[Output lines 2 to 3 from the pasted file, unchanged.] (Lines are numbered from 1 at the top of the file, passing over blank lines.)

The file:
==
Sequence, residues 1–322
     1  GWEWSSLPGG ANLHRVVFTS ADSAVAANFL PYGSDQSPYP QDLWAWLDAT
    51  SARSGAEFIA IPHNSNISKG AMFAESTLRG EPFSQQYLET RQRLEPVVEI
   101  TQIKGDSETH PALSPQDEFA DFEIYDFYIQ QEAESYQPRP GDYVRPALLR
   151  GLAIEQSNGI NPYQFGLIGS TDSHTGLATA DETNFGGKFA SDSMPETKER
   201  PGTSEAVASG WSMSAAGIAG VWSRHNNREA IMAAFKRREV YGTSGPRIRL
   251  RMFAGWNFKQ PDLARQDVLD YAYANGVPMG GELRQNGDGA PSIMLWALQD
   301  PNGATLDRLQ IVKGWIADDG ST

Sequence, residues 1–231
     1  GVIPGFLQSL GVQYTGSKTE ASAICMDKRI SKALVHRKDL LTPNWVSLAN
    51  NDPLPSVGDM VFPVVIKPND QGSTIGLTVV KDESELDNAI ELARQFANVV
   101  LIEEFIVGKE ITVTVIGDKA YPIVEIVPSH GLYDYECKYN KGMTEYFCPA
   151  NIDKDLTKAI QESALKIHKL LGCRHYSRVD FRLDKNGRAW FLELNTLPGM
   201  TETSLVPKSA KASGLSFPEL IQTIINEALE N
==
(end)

     1  GWEWSSLPGG ANLHRVVFTS ADSAVAANFL PYGSDQSPYP QDLWAWLDAT
    51  SARSGAEFIA IPHNSNISKG AMFAESTLRG EPFSQQYLET RQRLEPVVEI